Follow Up Appointment
An appointment will be made for you to see Mr Solaiman in the rooms at two weeks if you are discharged home. If you are transferred to a rehab facility, you will be given an appointment at 6 weeks.
Total Hip Replacement provides pain relief, improved mobility and a better quality of life. Most TKR can be expected to last more than 15 years. The average rate of revision for a TKR in Australia at 15 years is about 7 percent.
Although TKR is a successful surgery, it does carry some risks including but not limited to infection, bleeding, blood clot, stiffness, and chronic pain.
Individual patient’s risk profile varies based on their age and medical history. A history of previous blood clots increases the risk of blood clot while diabetes increases the risk of infection compared to normal population. Your risk will be assessed by your surgeon and managed accordingly. Every effort will be made by the treating team to minimize your risks such as antibiotics during and after surgery, blood thinners for 4 to six weeks and calf/foot pump in the hospital. If you have any concerns regarding any specific risks, please discuss it with your surgeon.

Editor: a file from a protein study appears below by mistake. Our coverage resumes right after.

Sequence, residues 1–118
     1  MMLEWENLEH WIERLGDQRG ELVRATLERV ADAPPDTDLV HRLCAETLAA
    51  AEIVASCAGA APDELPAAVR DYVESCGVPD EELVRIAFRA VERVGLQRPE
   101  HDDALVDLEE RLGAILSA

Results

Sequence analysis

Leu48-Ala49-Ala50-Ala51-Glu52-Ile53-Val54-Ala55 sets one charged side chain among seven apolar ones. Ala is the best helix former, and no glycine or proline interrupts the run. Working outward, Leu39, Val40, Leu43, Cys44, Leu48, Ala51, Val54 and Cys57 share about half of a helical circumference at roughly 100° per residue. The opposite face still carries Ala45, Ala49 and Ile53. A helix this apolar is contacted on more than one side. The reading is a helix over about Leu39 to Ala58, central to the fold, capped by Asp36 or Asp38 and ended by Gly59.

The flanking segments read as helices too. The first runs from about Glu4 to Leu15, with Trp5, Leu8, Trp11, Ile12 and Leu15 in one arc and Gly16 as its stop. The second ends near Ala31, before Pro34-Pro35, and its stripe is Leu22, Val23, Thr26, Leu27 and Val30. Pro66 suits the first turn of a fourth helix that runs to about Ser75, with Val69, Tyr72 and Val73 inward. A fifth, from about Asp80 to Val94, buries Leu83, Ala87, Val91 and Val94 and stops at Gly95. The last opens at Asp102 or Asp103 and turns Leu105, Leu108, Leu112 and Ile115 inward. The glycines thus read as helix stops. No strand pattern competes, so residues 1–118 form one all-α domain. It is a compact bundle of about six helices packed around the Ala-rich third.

The risk of symptomatic DVT and Pulmonary Embolism (blood clot in the lung) is less than 1% following total joint replacement surgery. Studies have shown that a combination of three modalities that reduce the risk of DVT/PE include:
- Early Mobilization
- Foot Pump or Calf Compressors
- Blood thinners
You will be given a blood thinner in addition to a mechanical device such as foot pump following surgery. You will also be encouraged to mobilize with the help of our physiotherapist as soon as possible.
Return to Work/Activities
You can return to most low demand activities such as office duties about 4-6 weeks post surgery. If you have a physically demanding job such a climbing ladders and driving trucks, you may need 2-3 months. You are encouraged to avoid high impact activities such as running. However, you are encouraged to maintain low impact exercises such as cycling, swimming and walking. You can commence driving approximately 4 to 6 weeks post surgery when you
- Have no pain
- Are not taking any narcotic analgesics
- Have regained sufficient power to push the brakes hard if required